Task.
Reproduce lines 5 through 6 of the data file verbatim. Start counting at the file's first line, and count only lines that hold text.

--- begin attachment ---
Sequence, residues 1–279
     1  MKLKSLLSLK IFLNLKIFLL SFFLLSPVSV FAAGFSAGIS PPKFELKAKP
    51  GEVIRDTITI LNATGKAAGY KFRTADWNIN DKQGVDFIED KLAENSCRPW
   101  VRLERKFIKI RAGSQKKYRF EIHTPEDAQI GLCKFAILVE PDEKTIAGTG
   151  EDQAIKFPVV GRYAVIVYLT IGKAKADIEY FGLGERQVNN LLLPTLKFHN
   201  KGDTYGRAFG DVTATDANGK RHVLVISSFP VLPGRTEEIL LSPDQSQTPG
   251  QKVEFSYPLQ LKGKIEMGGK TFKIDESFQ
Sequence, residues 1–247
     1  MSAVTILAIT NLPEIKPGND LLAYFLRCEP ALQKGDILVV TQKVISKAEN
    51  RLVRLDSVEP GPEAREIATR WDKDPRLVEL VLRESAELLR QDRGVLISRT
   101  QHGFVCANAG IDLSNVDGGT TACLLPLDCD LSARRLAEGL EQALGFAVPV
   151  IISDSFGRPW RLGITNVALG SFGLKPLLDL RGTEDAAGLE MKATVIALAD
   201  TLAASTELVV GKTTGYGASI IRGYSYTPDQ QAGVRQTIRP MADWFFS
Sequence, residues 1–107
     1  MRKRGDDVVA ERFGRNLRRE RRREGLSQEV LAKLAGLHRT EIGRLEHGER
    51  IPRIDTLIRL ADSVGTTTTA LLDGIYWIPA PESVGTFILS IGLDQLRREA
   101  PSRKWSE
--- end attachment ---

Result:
   151  EDQAIKFPVV GRYAVIVYLT IGKAKADIEY FGLGERQVNN LLLPTLKFHN
   201  KGDTYGRAFG DVTATDANGK RHVLVISSFP VLPGRTEEIL LSPDQSQTPG